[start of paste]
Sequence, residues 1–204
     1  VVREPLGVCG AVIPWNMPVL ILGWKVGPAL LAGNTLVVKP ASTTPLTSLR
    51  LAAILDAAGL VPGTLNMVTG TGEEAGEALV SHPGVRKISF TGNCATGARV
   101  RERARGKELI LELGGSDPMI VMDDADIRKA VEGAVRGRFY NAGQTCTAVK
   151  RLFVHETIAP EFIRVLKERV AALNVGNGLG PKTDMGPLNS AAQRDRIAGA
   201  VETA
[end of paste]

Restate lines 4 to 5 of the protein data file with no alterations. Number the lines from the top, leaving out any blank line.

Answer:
   101  RERARGKELI LELGGSDPMI VMDDADIRKA VEGAVRGRFY NAGQTCTAVK
   151  RLFVHETIAP EFIRVLKERV AALNVGNGLG PKTDMGPLNS AAQRDRIAGA